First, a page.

Indeed, Hastings’ comment may ring true as nascent competitors such as Apple TV+, Disney+ and HBO Max offer free service to in-house and third-party platforms such as Verizon and AT&T. Apple is offering its service free for one year with any Apple hardware purchase.
Netflix itself has a promotional free year of service with select T-Mobile service plans.
Hastings contends most consumers will subscribe to multiple services, reiterating that he will personally subscribe to Disney+ (“They have great shows!” he said) upon its Nov. 12 launch.
At the end of the day, Hastings is betting consumers will lean toward established brands with proven track records in the SVOD space.
“When you think, ‘Do I turn on cable, do I turn on YouTube, do I turn on Netflix?’ we want you to choose Netflix,” he said.
With legacy pay-TV under siege from cord-cutting subscribers and high-profile alternatives such as Netflix, Amazon Prime Video, Hulu and now Apple TV+, the status quo for traditional carriage agreements has gone out the window.
And so it was that Comcast last month quietly announced it would soon end Xfinity subscriber access to Starz, the premium movie and TV service it acquired in 2016 for $4.4 billion.
The news was significant since Comcast represents about a third of Starz’ 24.4 million subscribers. Starz, which operates its own branded $8.99 monthly subscription streaming service, has been a profit vehicle for Santa Monica, Calif.-based Lionsgate.
Comcast reported it will replace Starz on Dec. 10 with Epix, the premium service owned by MGM and formerly Lionsgate, unless a new agreement can be reached. The news has contributed to a 9% drop in Lionsgate’s stock valuation — which is already down nearly 50% in the fiscal year.
The negotiation impasse has reportedly caught the attention of the Department of Justice, which continues to have Comcast in its crosshairs ever since its acquisition of NBC Universal in 2009. Back then, regulators forced the cable giant to relinquish management input on its stake in Hulu, citing antitrust issues.
Earlier this year Comcast sold its Hulu stake to Disney after acquiring Sky satellite TV operator in the United Kingdom.
Comcast’s NBC Universal unit is readying its own SVOD service, Peacock, early next year.
The situation prompted Senators Dianne Feinstein (D-CA) and Susan Collins (R-ME) to contact Assistant Attorney General Makan Delrahim to investigate the situation. Delrahim played a significant role in the DOJ’s failed attempt to stop AT&T’s acquisition of Time Warner.
“These changes could lessen competition in the video programming market and limit choices for many thousands of consumers in Maine and millions more across the nation,” Collins wrote in a letter to Delrahim as reported by CNBC.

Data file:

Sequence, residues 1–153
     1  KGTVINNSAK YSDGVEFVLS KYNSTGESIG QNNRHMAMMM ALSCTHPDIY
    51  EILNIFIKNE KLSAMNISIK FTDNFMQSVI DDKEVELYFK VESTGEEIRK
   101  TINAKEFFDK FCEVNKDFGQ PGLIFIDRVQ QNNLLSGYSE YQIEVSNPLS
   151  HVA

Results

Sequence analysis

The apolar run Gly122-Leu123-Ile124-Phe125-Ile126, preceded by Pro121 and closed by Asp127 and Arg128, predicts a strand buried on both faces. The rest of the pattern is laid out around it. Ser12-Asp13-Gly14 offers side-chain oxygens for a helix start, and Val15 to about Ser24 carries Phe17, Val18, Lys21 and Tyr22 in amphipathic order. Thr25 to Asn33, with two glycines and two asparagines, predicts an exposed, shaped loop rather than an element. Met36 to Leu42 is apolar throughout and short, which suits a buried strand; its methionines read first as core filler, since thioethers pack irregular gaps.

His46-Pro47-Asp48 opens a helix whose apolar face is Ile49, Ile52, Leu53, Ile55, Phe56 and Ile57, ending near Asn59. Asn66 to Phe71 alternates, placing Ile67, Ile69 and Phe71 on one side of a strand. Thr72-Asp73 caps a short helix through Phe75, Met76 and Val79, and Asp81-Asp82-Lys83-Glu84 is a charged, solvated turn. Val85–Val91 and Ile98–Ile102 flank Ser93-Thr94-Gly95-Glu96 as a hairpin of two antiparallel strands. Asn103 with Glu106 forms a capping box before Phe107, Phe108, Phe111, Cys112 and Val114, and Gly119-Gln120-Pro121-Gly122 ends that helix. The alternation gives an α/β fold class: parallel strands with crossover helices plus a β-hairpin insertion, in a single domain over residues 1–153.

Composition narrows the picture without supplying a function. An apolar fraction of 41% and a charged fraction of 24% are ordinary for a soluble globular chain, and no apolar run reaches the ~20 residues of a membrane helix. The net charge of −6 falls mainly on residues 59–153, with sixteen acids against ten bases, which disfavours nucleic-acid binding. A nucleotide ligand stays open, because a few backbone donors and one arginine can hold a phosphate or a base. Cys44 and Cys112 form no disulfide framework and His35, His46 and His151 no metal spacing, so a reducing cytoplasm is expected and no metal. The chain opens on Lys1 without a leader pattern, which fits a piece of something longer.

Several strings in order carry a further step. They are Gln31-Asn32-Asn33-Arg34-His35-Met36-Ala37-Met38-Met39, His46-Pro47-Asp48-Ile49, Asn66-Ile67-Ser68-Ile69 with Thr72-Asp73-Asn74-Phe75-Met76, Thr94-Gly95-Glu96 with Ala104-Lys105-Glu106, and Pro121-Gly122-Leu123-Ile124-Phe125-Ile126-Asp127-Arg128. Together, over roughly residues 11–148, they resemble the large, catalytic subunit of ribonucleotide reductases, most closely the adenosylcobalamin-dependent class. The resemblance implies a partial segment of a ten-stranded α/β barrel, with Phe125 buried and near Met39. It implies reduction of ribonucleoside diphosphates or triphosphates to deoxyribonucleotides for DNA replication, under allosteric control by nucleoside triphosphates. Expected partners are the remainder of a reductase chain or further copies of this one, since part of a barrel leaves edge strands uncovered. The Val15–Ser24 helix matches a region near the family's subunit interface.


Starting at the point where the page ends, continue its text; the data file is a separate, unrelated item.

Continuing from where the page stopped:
“I encourage both of you to seek a win-win solution and consider all options to keep Starz programming on the air,” Feinstein wrote in a separate letter.
Comcast is employing strategy out of Dish Networks’ playbook, which typically includes threats to halt access to third-party content distribution for more favorable distribution terms. Indeed, Dish currently has HBO blacked out to it subscribers.
Comcast, like Dish, contends its subs can access services such as Starz and HBO independently, thus negating what it considers to be excessive carriage fees.
“At the end of the day, this is a routine commercial negotiation that raises no conceivable antitrust concerns,” Comcast said in a statement.
Starz countered that Comcast is forcing its subs to pay more for its service.
“By unilaterally taking Starz out of its packages with no refund … Comcast is unfairly depriving them of relatable programming that reflects their cultural experience,” read a Starz statement.
Seeking to avoid confusion among consumers facing a barrage of new high-profile subscription streaming video services entering the market next month, NBC Universal plans to focus its branded Peacock service around ad-supported content.
Speaking on the Oct. 24 Comcast fiscal call, Stephen Burke, CEO of NBC Universal, said Peacock would attempt to assuage Xfinity subscribers considering ditching the traditional cable bundle for over-the-top video.
“I think the most important thing to think about as you’re thinking about Peacock and its role inside NBCU and broader Comcast, is we’re not doing the same strategy that Netflix and people chasing Netflix have adopted,” Burke said.